Anyway, Mattsmom, sorry to here you're feeling overwhelmed too. Do the holidays ever get you down??
Oh, and re my talk with my boss Friday. I'd hoped to hear back today......I didn't hear. I couldn't get into the office, cuz initially I had 7 patients, but even though 1 cancelled, I was still out late, and left home early.....she could have called though, she did on Friday........oh well. Probably got the blow off with my luck.
OH, rambling OFF!!!!!
Hope you are well this evening!!!!! I must now go do my paperwork!
Dec 10, '02I'm starting to believe in intuition. If your intuition tells you not to go to work, don't. Sometimes our right brains know what we are supposed to do, our left brains (logic, reason) are behind and tell us to do other things.
I stopped being depressed when: I got the right meds then quit my nursing job. Since I've stopped being depressed nobody I know likes me. I have realized there were very good reasons why I was depressed; nursing helped keep me there. You get depressed when someone tells you everything is your fault, you sense it isn't but can't get anyone else to believe. What's the saying, "If you can't beat them, join them?" The only way to join is to beat myself as badly as they do.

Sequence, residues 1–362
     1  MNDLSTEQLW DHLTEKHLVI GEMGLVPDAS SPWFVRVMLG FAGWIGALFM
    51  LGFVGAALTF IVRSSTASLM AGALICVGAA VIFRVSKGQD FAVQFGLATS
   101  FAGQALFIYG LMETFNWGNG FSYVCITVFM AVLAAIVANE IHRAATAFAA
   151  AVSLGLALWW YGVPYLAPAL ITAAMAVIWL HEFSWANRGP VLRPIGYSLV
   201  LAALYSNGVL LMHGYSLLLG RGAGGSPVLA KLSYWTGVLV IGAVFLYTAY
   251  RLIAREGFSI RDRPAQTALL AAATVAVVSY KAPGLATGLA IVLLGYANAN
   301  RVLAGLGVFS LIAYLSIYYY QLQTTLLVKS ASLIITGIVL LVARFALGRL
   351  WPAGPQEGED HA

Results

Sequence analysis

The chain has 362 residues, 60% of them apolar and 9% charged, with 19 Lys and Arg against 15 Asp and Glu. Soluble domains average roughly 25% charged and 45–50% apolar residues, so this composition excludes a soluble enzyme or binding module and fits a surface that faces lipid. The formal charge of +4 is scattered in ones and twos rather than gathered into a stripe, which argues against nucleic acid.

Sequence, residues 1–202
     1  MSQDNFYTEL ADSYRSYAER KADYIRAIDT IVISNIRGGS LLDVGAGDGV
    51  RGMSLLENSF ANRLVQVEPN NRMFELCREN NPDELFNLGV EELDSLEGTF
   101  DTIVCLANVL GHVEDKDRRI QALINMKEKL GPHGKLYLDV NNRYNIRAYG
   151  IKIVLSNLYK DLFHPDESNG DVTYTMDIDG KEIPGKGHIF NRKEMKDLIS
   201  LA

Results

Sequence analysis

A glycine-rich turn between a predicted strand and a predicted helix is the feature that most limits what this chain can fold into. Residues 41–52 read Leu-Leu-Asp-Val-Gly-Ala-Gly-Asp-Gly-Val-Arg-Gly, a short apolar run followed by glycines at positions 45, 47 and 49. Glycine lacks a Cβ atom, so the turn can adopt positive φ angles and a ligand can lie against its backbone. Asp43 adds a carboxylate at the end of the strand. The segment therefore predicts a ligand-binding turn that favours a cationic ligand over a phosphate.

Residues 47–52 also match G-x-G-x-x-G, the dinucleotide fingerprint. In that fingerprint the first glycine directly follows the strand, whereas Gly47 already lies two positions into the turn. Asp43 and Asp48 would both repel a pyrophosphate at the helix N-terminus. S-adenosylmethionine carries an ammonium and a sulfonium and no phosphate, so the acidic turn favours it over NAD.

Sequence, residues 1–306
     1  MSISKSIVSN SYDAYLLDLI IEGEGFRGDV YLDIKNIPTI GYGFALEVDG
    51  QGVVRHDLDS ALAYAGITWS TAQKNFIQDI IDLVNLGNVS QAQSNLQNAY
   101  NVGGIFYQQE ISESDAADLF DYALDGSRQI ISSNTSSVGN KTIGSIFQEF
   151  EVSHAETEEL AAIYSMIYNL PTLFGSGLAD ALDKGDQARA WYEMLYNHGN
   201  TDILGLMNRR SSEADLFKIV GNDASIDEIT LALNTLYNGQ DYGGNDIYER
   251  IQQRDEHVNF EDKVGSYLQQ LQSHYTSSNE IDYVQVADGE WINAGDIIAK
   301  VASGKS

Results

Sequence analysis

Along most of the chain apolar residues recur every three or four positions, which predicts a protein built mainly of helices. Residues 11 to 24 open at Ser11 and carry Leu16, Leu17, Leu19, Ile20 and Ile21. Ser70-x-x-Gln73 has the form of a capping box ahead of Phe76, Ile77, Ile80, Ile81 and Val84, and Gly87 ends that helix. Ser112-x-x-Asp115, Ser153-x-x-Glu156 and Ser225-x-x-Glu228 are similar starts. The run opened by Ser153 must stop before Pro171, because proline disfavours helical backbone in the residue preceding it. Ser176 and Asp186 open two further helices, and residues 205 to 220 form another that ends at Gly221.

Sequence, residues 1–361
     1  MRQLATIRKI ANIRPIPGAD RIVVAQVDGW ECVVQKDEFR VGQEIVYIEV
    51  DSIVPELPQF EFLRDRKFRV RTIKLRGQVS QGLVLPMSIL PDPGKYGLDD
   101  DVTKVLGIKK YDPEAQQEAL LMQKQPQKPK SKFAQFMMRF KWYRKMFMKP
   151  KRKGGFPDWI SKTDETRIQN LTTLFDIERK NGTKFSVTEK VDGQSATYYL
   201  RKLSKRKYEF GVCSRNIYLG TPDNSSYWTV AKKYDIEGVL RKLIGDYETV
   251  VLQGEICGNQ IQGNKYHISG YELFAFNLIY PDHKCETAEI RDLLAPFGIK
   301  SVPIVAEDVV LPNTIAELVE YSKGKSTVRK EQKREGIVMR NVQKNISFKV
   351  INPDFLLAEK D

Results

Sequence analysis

Can't do it anymore.
Dec 10, '02Originally posted by abrenrn
I'm starting to believe in intuition. If your intuition tells you not to go to work, don't. Sometimes our right brains know what we are supposed to do, our left brains (logic, reason) are behind and tell us to do other things.
I had a therapist once who said that everytime I heard myself or anyone else use the word "SHOULD" then I was being judged. I "should" go to work. I "should" be a nurse. I "should" be cleaning my house or going into town to do errands instead of sitting here reading allnurses! Those things are all value judgments that imply that you are "bad" or "wrong" or that what you choose to do right then is WRONG!
When we get enough of those messages, from ourself or others, we start to judge ourselves, too, by believing that we are "not good" or "not right" or that there is "something wrong with me." We start to dislike ourselves because we (and others) will always have some "should" that we "should" be doing, or some trait we "should" have but don't, or be something we "shouldn't" be, or feel something we "shouldn't" be feeling, etc. The "shoulds" always will make you feel shame and guilty.